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Astronomy/Kepler 12 equal areas


According to geography, the Sunlight through the four seasons must be:
1-   Orthogonal to the tropic of Capricorn at December 21=winter Solstice
2-   Orthogonal to the tropic of cancer at Jun 21 = summer Solstice
3-   Perpendicular with the equator at March 21 = spring Equinox
4-   Perpendicular with the equator at September 21 = fall Equinox
But in the image of "the law of equal areas" illustrated at
where Kepler has devised the space of Earth's orbit into twelve equal areas in order to prove his second law, we can see the two Solstices of winter and summer wher the Sunlight is orthogonal to tropics, but at March 21 (area "C" or 3) and September 21 (area "I" or 9), the Sunlight is not perpendicular to the equator which abolish the definition of the Equinox because, in this case, dark and day are not equal.
1-   have you any comment or explanation?
2-   if you see in this image violation to geographical rules what correction you suggest?
3-   If it is impossible to redivide the space of the orbit into 12 equal areas without violating the laws of geography, can we take  this as an evidence of the collapse of Kepler second law?
4-   Would you send me a corrected image pleas?
Thank you

Note: I 1- gave the link because I didn't succeeded in uploading the image.
2- this is not a homework, I'm E N T specialist.

I'm sorry but the link you provide on the equal areas shows (to me) no such evidence that:

"the two Solstices of winter and summer where the Sunlight is orthogonal to tropics, but at March 21 (area "C" or 3) and September 21 (area "I" or 9), the Sunlight is not perpendicular to the equator which abolish the definition of the Equinox because, in this case, dark and day are not equal."

given the diagram was not of such scale as to show that, and indeed is designed to show the areas law aspect, not equinoxes, or solstices.

Your original link diagram was intended to show those.

Hence, there is NO need for me to make any corrections and Kepler's 2nd law still holds.

As I tried to explain, such conventional 'season' diagrams - as depicted in the original link you sent me - aren't drawn to scale (or shown with Sun at one focus) because the emphasis is on showing the axial tilt remaining constant through the orbit.  So one is not going to try to put the Sun at the focus or even show an elliptical orbit given that's of secondary import to the depiction of seasons.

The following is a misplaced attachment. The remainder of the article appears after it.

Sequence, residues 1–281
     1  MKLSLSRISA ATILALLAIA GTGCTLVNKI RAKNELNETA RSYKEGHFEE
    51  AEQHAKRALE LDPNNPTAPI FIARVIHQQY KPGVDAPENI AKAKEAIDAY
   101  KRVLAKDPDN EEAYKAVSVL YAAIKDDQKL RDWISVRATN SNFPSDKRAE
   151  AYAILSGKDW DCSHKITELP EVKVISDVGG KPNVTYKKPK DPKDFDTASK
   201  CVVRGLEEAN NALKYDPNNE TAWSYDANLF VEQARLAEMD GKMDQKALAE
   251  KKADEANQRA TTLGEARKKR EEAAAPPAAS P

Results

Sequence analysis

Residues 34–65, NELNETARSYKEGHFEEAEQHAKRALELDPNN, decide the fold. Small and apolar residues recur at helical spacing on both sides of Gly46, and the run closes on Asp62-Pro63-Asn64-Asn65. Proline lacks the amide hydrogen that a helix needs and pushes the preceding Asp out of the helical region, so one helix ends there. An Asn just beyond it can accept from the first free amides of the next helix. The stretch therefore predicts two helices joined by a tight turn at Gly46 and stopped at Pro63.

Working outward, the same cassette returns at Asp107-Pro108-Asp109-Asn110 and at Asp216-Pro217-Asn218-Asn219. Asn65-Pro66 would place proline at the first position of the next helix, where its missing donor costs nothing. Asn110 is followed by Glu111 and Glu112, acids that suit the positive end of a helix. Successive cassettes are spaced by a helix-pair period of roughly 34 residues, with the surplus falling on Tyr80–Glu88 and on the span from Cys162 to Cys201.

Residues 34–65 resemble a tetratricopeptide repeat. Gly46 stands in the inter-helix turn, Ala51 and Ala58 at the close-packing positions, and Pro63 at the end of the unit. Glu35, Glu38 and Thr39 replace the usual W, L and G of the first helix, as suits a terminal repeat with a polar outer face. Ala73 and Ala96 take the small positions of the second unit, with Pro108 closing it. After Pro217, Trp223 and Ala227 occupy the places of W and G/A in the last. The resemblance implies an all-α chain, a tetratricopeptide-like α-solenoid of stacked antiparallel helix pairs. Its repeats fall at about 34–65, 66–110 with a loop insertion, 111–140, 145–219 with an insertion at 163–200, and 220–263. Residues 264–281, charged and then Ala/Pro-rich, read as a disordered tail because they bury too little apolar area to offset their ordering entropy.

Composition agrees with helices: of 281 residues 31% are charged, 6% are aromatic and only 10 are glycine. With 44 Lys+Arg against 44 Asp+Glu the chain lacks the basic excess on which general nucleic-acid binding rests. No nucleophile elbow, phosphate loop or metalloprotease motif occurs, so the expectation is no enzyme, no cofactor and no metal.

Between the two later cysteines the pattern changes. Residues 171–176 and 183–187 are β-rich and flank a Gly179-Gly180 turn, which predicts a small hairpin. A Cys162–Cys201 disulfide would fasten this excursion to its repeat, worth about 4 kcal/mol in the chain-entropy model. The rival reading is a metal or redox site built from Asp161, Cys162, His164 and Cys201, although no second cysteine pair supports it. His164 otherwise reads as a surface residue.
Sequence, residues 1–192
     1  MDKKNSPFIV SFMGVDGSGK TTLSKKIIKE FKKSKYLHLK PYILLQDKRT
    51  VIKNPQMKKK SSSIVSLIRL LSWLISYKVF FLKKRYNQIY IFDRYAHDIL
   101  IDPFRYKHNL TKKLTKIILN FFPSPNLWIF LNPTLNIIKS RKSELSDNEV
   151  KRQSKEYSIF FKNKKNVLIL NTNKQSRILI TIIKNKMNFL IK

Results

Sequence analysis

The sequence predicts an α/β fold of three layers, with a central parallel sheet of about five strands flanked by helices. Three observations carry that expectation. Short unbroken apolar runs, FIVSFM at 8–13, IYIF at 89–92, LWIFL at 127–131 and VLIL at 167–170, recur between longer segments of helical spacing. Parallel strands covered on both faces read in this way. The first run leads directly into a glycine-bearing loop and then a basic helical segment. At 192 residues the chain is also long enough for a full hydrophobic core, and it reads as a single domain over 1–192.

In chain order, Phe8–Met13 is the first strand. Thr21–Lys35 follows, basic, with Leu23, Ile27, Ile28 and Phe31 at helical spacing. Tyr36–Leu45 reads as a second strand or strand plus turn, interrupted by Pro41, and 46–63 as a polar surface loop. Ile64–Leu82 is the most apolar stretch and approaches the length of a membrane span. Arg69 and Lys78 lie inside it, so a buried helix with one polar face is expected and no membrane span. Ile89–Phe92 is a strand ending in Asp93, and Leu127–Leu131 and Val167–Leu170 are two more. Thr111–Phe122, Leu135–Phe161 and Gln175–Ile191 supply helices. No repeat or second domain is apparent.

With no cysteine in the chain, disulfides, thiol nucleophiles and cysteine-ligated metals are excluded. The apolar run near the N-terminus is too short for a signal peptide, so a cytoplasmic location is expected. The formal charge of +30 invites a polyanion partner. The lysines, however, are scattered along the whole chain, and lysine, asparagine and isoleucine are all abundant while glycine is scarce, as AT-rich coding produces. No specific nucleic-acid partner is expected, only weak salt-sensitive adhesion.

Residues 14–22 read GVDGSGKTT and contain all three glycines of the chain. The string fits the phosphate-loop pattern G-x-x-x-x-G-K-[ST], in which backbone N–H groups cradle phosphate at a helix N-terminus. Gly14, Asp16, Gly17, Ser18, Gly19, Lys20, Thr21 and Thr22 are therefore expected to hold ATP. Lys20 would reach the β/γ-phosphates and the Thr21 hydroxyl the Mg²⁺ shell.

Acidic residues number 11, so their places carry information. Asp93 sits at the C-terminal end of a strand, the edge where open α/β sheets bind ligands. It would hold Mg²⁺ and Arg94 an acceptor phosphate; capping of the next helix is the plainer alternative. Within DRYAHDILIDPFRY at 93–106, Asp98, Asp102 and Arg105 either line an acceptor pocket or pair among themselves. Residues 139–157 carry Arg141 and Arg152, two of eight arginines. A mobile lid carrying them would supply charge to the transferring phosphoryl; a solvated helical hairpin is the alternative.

Conversely, in the case of area digrams one is not going to try to show equinoxes, solstices. And to try to interpret them or any "geographical geometries"  from such diagrams is misdirected and useless.

Astronomical diagrams are adapted to what they have to show or intend to show. In most cases they aren't intended to be taken literally - because the scales are off.

Anyway, I see no further exchange on this can be useful. Perhaps you should contact another expert.


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Philip Stahl


I have more than forty years of experience in Astronomy, specifically solar and space physics. My specialties include the physics of solar flares, sunspots, including their effects on Earth and statistics pertaining to sunspot morphology and flare geo-effectiveness.


Astronomy: Worked at university observatory in college, doing astrographic measurements. Developed first ever astronomy curriculum for secondary schools in Caribbean. Gave workshops in astrophysics and astronomical measurements at Harry Bayley Observatory, Barbados. M.Phil. degree in Physics/Solar Physics and more than twenty years as researcher with discovery of SID flares. Developed of first ever consistent magnetic arcade model for solar flares incorporating energy dissipation and accumulation. Develop first ever loop solar flare model using double layers and incorporating cavity resonators.

American Astronomical Society (Solar Physics and Dynamical Astronomy divisions), American Mathematical Society, American Geophysical Union.

Solar Physics (journal), The Journal of the Royal Astronomical Society of Canada, The Proceedings of the Meudon Solar Flare Workshop (1986), The Proceedings of the Caribbean Physics Conference (1985). Books: 'Selected Analyses in Solar Flare Plasma Dynamics', 'Physics Notes for Advanced Level'. 'Astronomy and Astrophysics: Notes, Problems and Solutions'.

B.A. Astronomy, M. Phil. Physics

Awards and Honors
American Astronomical Society Studentship Award (1984), Barbados Government Award for Solar Research (1980), Barbados Astronomical Society Award for Service as Journal Editor (1977-91)

Past/Present Clients
Caribbean Examinations Council, Barbados Astronomical Society, Trinidad & Tobago Astronomical Society.

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